California, TBEX '11, USA, VW Road Trip

VW Road Trip from LA to Big Sur

I’m wound up tighter than German mousetrap, but I had no idea about this until half way through today’s drive. Somehow totally unaware of my own stress, I woke-up psyched. Jade has always wanted to visit Big Sur, and this morning we weren’t only about to drive up there, we were about to go with classic 60’s style – in a Pop-Top Westfalia deluxe. I could think of a lot of ways to get to the Central California National Park, but as soon as I found Vintage Surfari Wagons, my head filled with images of cruising along the cliff side curves in a restored VW bus, parking in the middle of the woods for a bonfire, and pulling onto the sand for a beach break cook-in; I of course would be wearing bell-bottoms and mutton chops, while Jade would be in floral prints with braided hair. Clearly I had imagined a photo-shoot, but real life, through a slightly hippie-tinted lens, would let me have my photo-shoot moments and teach me something about myself along the way.

VW Surfari Wagons really went all out and as Bill walked me through the amenities of our road-home, Ala Lani, I knew that admitting I had no idea what to expect out of our next few days was a huge understatement. Vacationing in a camper is literally trying on someone else’s life. I wasn’t ready for this as I cranked the steering wheel around and pulled onto the 101 North. See, in my photo shoot creation, our VW had been just like a standard car. I was wrong. The first sign of this was the gawkers, which does go with the photo-shoot. Like the first time I wore my Five-fingers, the VW Bus is a conversation piece. We weren’t even out of LA before we were talking with a couple of guys who either toured or migrated to California in a bus- and loved it. These two guys would only be the first of the nearly dozen people who wanted to talk with us, and merely a drop in the bucket when compared to the people honking, staring,and waving us down the road (the coolest was the biker who threw us a ‘Hang Loose’ as we passed Santa Barbara.)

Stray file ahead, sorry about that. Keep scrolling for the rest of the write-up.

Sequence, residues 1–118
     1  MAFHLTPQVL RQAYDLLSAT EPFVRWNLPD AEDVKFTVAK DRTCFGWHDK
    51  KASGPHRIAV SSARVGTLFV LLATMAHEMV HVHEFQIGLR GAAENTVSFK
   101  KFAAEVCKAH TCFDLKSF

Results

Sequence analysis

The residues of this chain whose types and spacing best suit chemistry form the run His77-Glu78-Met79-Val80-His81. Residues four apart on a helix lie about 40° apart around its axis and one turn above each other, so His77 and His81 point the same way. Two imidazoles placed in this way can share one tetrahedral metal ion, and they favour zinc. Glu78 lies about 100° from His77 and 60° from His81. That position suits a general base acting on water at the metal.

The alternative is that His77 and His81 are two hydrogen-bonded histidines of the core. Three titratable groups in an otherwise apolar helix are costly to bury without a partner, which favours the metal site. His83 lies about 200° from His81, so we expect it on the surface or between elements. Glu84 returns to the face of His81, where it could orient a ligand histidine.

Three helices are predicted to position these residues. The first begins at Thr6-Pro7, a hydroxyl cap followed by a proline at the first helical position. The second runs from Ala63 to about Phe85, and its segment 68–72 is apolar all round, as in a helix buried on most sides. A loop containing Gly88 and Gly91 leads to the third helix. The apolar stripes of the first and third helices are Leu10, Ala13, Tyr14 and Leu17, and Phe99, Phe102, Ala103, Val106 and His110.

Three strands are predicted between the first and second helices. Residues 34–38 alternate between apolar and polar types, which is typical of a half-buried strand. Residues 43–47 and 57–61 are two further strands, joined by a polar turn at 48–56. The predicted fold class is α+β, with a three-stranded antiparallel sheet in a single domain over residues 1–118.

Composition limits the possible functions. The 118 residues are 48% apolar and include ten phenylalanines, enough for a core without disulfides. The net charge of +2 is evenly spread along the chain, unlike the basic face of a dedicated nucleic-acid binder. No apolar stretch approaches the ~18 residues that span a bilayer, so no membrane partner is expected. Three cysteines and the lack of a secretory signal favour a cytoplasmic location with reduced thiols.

It took me until Santa Barbara to realize that the VW was not my car, and settle into the touring nature of our trip. It’s a cruise, a saunter, not a stroll though because it has to much style. Foot all the way down climbing towards Yorba Linda, I was forced to rethink my agenda and slow down. Honestly, I just thought I was at the pace of the average person, if not a bit more mellow than most people, but, in a the few minutes I was made to watch the scenery, I realized how much I have blown through and past in the last few years, how I rush from destination to destination (literal and figurative) without seeing the spaces in between, how much of the world I’ve missed. After we licked the first mountain pass, I found myself easing off the gas; instead of pushing 65, I settled in around 60 flat. I was relaxing. That was when the first pee attack hit.

When all you care about is the lovely scenery you’re driving through, the difference between 60 and 65 miles per hour isn’t noticeable. When you’re dancing in your seat, convinced that if you move your legs the right way then you won’t destroy all the aquamarine vinyl beneath you, it’s a big difference. Jade and I raced up the nearest off ramp and into the arms of a nearby Vons just in time. Threat of kidney explosion over, we turned North again, taking time to pull over and ‘get a better look’ whenever the mood hit us.

Calm Chowder from Splash Cafe, Pismo Beach